LAST JAIL COMMISSION MEETING ON FRIDAY AT 9:15 AM—NEXT UP, THE COMMISSIONS REPORT IN OCTOBER
The last scheduled meeting of the Citizens’ Commission on Jail Violence will take place Friday, September 7, at 9:15 a.m.
The Commission is due to deliver its report in early October.
Those interested in listening to the live Commission meeting in real time may do so by calling (877) 873-8017, Access Code: 111111#.
10TH ANNUAL OFFICE OF INDEPENDENT REVIEW REPORT RELEASED
ON Thursday, Michael Gennaco, Chief Attorney for the Office of Independent Review, presented the OIR’s 10th annual report on the Los Angeles County Sheriff’s Department.
The report covers a wide variety of observations, progress assessments, recommendations, specific cases, and special investigations in its 194 pages, including such sections as:
*Violence in the Jails (p. 11)
*Drugs, Fraternization & Off-Duty Violence (p. 49)
*A Look into the Mitrice Richardson Investigation (p. 146)
*And a special investigation into some very problematic hires of displaced officers from Maywood. (p. 119)
There is also this short but interesting section titled “Executive Leadership: The Pitfalls of Conflicting Messaging.”
Over the past years, there have been times in which messages from Sheriff’s executives to
LASD personnel did not seem to mirror the vision of the Sheriff himself. For example, in 2007
we heard that a high level executive had been communicating his dislike of the Internal Affairs
Bureau (IAB) to various audiences. Because we monitor all investigations coming out of IAB,
we were concerned that such comments could have a deleterious effect on the functioning
and morale of the unit. We also were concerned that the comments could undermine the
effectiveness of internal investigations.
As a result, we met at that time with the executive and related our concerns about comments
attributed to him. He described how his intended message was a more innocuous version of what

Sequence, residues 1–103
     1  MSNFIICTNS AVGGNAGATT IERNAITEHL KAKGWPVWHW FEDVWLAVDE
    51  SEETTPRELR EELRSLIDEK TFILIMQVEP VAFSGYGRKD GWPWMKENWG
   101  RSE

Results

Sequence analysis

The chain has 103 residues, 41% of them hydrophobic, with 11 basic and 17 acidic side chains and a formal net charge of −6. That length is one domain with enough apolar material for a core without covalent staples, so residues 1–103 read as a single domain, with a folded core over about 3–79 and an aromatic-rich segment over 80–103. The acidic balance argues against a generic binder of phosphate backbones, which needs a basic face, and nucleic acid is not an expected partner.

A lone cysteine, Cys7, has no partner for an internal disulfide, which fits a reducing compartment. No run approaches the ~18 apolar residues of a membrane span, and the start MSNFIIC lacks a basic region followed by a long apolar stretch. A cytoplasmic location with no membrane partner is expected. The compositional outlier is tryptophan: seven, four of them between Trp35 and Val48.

we had heard, and we indicated that his comments were not being received in the way he said
he intended. We suggested that he explore other ways to communicate his sentiments, and he
agreed to do so. We also relayed our concerns about the executive’s comments to the Sheriff at
that time, and we were informed that he subsequently also had a conversation with the executive
about the IAB comments.
It is critical that executives’ comments to deputies and other personnel be consistent with the
vision of the head of the agency. Comments perceived as divergent from that vision may be
used by personnel to behave counter to the agency’s values. As another example, there has been 09
much recent public discussion about the same executive making a comment about “working the
gray.” There were clearly deputies who believed the executive intended by his comments that
deputies could cross or come close to the line of professional, legal, or ethical conduct in order to get criminals off the street. While the executive has recently disavowed that intent, in the years previous that messaging may have caused deputies to be confused about the expectations of their Department. We are hopeful that this unfortunate episode has served as a learning opportunity
for the Department, and that communications contrary to the ideals of the organization will not
be articulated in the future.
Of course there’s lots more, if you want to take a look.